Eating for two may not seem difficult, but for many women gaining enough weight during pregnancy can be a challenge. Adding extra calories and nutrients by eating whole foods like nuts, fruits, meat and fish is the best practice when it comes to nutrition, but if eating more often or changing the types of food you eat doesn't help with your weight gain, drinking a supplement is another way to increase calories and promote a healthy rate of weight gain.
Gaining Weight During Pregnancy
Gaining enough weight during pregnancy increases the odds that you'll deliver a healthy weight baby weighing more than 5 pounds 8 ounces. The Institute of Medicine provides recommendations for weight gain during pregnancy based on your prepregnancy weight and height, or body mass index. These recommendations provide a range of weight gain that encourage a healthy weight baby at delivery and yet minimize excessive weight gain, which can be hard to lose after delivery.
Prepregnancy BMI and Weight Gain Chart
Prepregnancy BMI Total Weight Gain
Underweight BMI < 18.5 28 to 40 pounds
Normal BMI 18.5-24.9 25 to 35 pounds
Overweight BMI 25-29.9 15 to 25 pounds
Obese BMI > 30.0 11 to 20 pounds
If you were considered underweight before you became pregnant, your health care provider would recommend that you gain a total of 28 to 40 pounds by delivery. This means you'd likely gain around 1 pound per week throughout your second and third trimester.
Make Your Own High-Calorie Supplement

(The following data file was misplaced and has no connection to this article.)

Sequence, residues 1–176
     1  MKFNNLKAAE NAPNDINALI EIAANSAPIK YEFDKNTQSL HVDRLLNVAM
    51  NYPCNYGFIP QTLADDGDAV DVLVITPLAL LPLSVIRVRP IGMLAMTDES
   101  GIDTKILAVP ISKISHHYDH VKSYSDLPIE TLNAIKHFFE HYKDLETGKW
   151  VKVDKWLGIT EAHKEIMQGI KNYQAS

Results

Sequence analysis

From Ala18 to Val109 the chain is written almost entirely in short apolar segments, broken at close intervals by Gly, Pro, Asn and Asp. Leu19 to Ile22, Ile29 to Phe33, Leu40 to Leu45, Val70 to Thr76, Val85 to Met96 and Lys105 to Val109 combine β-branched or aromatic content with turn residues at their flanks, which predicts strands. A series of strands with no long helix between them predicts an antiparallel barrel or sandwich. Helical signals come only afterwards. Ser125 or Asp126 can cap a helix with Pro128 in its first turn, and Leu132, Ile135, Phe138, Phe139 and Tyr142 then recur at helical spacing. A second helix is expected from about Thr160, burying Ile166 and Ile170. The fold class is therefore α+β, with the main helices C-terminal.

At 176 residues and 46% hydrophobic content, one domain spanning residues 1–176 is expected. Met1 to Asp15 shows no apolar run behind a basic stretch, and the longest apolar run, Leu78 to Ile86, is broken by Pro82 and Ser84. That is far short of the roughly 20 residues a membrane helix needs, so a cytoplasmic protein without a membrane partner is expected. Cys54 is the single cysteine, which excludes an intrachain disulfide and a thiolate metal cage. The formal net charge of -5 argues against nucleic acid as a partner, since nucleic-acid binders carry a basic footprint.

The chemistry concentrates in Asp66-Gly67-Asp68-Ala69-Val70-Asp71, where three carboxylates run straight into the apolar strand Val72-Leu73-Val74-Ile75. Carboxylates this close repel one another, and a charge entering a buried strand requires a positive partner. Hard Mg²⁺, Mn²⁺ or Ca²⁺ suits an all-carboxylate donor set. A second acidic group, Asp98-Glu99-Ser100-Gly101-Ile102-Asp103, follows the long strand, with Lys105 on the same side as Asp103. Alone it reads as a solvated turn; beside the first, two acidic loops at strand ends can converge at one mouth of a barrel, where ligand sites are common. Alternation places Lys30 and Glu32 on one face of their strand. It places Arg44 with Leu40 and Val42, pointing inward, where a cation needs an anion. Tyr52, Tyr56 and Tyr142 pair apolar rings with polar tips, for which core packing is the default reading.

You can easily make your own high-calorie, nutrient-rich smoothies and milkshakes to help boost your pregnancy weight gain. Add nuts and nut butters to your diet when you need to bump up calories, because a small amount packs a big punch. Here are a few foods to experiment with when making your own smoothie or supplement to drink:
- Add peanut butter, almond or cashew butter for a creamy, rich shake with extra protein and heart-healthy monounsaturated fats.
-Frozen fruit and berries provide extra calories and contain plenty of antioxidants.
-Use 1 percent or reduced-fat 2 percent milk for extra calories and soy milk or almond milk for lactose intolerance.
-Juice is a concentrated source of calories and rich in vitamin C.
-Add ice cream on occasion for extra calories.
No Time to Make Your Own Smoothie or Milkshake?
When you can't make a homemade smoothie or milkshake, try a convenient and ready-to-drink option, such as several commercially available calorie and protein supplements like Ensure, Boost or Carnation Instant Breakfast. All of these brands and their generic equivalents contain about 250 calories and 10 grams of protein per 8-ounce serving, and the plus versions are higher in calories and offer about 360 calories and 14 grams of protein for the same 8-ounce serving size. If you find that making some changes to your diet or drinking a supplement doesn't improve your weight gain, be sure to talk to your doctor or a registered dietitian for more specific guidance.